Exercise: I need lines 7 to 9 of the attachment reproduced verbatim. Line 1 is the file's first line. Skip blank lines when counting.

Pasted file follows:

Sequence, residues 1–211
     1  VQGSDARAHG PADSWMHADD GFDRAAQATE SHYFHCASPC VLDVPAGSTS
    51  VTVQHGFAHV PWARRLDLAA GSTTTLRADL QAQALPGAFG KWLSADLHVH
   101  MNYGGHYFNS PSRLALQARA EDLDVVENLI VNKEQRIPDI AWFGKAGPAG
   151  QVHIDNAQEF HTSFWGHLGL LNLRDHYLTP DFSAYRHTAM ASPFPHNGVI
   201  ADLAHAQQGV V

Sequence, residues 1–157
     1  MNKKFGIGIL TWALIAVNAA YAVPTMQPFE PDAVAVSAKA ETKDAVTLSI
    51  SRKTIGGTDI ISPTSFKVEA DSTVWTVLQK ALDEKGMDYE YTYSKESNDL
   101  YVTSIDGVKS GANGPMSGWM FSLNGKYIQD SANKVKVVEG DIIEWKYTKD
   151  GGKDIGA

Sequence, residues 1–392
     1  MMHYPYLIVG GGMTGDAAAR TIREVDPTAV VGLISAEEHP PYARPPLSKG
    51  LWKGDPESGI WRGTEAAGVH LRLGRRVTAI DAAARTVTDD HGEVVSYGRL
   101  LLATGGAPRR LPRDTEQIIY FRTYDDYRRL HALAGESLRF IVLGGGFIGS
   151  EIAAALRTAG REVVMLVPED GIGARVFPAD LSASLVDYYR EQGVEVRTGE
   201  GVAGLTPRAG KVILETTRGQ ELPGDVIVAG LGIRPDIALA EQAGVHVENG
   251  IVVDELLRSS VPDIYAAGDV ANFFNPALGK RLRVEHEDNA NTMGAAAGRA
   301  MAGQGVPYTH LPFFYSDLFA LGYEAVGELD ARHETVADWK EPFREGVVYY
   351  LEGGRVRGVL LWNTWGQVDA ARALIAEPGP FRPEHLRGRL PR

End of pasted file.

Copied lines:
Sequence, residues 1–157
     1  MNKKFGIGIL TWALIAVNAA YAVPTMQPFE PDAVAVSAKA ETKDAVTLSI
    51  SRKTIGGTDI ISPTSFKVEA DSTVWTVLQK ALDEKGMDYE YTYSKESNDL